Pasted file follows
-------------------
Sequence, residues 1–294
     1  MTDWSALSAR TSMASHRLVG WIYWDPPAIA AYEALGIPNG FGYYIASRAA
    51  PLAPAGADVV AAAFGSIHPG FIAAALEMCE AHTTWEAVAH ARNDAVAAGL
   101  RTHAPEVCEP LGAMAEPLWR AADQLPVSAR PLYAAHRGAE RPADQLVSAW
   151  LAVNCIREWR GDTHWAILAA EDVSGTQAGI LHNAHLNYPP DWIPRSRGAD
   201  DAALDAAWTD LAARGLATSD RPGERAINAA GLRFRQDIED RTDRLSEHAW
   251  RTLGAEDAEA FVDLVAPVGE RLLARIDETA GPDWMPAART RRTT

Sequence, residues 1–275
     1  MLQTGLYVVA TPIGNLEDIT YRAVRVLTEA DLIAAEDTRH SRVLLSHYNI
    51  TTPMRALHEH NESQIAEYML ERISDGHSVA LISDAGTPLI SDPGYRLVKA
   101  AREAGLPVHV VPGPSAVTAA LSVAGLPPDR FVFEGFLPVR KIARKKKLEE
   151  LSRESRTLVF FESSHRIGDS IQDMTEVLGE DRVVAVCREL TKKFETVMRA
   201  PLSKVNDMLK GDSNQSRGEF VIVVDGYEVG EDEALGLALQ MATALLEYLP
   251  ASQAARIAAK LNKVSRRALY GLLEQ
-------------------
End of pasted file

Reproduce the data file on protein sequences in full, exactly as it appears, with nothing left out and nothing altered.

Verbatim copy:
Sequence, residues 1–294
     1  MTDWSALSAR TSMASHRLVG WIYWDPPAIA AYEALGIPNG FGYYIASRAA
    51  PLAPAGADVV AAAFGSIHPG FIAAALEMCE AHTTWEAVAH ARNDAVAAGL
   101  RTHAPEVCEP LGAMAEPLWR AADQLPVSAR PLYAAHRGAE RPADQLVSAW
   151  LAVNCIREWR GDTHWAILAA EDVSGTQAGI LHNAHLNYPP DWIPRSRGAD
   201  DAALDAAWTD LAARGLATSD RPGERAINAA GLRFRQDIED RTDRLSEHAW
   251  RTLGAEDAEA FVDLVAPVGE RLLARIDETA GPDWMPAART RRTT

Sequence, residues 1–275
     1  MLQTGLYVVA TPIGNLEDIT YRAVRVLTEA DLIAAEDTRH SRVLLSHYNI
    51  TTPMRALHEH NESQIAEYML ERISDGHSVA LISDAGTPLI SDPGYRLVKA
   101  AREAGLPVHV VPGPSAVTAA LSVAGLPPDR FVFEGFLPVR KIARKKKLEE
   151  LSRESRTLVF FESSHRIGDS IQDMTEVLGE DRVVAVCREL TKKFETVMRA
   201  PLSKVNDMLK GDSNQSRGEF VIVVDGYEVG EDEALGLALQ MATALLEYLP
   251  ASQAARIAAK LNKVSRRALY GLLEQ